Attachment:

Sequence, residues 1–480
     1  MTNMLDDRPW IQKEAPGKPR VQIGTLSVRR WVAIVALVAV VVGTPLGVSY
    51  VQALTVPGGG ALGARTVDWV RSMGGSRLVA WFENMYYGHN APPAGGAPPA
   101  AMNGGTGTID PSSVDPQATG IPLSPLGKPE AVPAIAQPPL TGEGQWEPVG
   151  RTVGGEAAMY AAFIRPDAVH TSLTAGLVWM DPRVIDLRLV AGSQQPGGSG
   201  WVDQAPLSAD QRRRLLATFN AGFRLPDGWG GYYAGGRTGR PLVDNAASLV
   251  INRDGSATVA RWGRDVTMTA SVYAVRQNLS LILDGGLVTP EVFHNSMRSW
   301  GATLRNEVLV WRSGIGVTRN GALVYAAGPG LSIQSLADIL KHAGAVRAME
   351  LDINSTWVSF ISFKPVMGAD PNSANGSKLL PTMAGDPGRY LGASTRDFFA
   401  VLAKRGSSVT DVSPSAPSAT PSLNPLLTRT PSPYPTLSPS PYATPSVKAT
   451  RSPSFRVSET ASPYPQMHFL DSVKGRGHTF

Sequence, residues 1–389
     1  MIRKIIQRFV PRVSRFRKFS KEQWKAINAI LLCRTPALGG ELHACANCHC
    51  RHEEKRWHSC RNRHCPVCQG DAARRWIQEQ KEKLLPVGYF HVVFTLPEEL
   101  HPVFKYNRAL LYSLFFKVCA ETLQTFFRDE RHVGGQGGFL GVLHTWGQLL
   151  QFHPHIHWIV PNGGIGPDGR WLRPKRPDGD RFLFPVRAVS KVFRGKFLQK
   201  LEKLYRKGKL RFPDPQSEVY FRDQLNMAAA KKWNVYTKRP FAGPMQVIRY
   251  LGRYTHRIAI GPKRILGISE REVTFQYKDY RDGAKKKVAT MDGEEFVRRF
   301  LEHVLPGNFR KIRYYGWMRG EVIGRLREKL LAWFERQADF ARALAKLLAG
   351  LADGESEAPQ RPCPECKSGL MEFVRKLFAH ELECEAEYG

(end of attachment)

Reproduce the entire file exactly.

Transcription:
Sequence, residues 1–480
     1  MTNMLDDRPW IQKEAPGKPR VQIGTLSVRR WVAIVALVAV VVGTPLGVSY
    51  VQALTVPGGG ALGARTVDWV RSMGGSRLVA WFENMYYGHN APPAGGAPPA
   101  AMNGGTGTID PSSVDPQATG IPLSPLGKPE AVPAIAQPPL TGEGQWEPVG
   151  RTVGGEAAMY AAFIRPDAVH TSLTAGLVWM DPRVIDLRLV AGSQQPGGSG
   201  WVDQAPLSAD QRRRLLATFN AGFRLPDGWG GYYAGGRTGR PLVDNAASLV
   251  INRDGSATVA RWGRDVTMTA SVYAVRQNLS LILDGGLVTP EVFHNSMRSW
   301  GATLRNEVLV WRSGIGVTRN GALVYAAGPG LSIQSLADIL KHAGAVRAME
   351  LDINSTWVSF ISFKPVMGAD PNSANGSKLL PTMAGDPGRY LGASTRDFFA
   401  VLAKRGSSVT DVSPSAPSAT PSLNPLLTRT PSPYPTLSPS PYATPSVKAT
   451  RSPSFRVSET ASPYPQMHFL DSVKGRGHTF

Sequence, residues 1–389
     1  MIRKIIQRFV PRVSRFRKFS KEQWKAINAI LLCRTPALGG ELHACANCHC
    51  RHEEKRWHSC RNRHCPVCQG DAARRWIQEQ KEKLLPVGYF HVVFTLPEEL
   101  HPVFKYNRAL LYSLFFKVCA ETLQTFFRDE RHVGGQGGFL GVLHTWGQLL
   151  QFHPHIHWIV PNGGIGPDGR WLRPKRPDGD RFLFPVRAVS KVFRGKFLQK
   201  LEKLYRKGKL RFPDPQSEVY FRDQLNMAAA KKWNVYTKRP FAGPMQVIRY
   251  LGRYTHRIAI GPKRILGISE REVTFQYKDY RDGAKKKVAT MDGEEFVRRF
   301  LEHVLPGNFR KIRYYGWMRG EVIGRLREKL LAWFERQADF ARALAKLLAG
   351  LADGESEAPQ RPCPECKSGL MEFVRKLFAH ELECEAEYG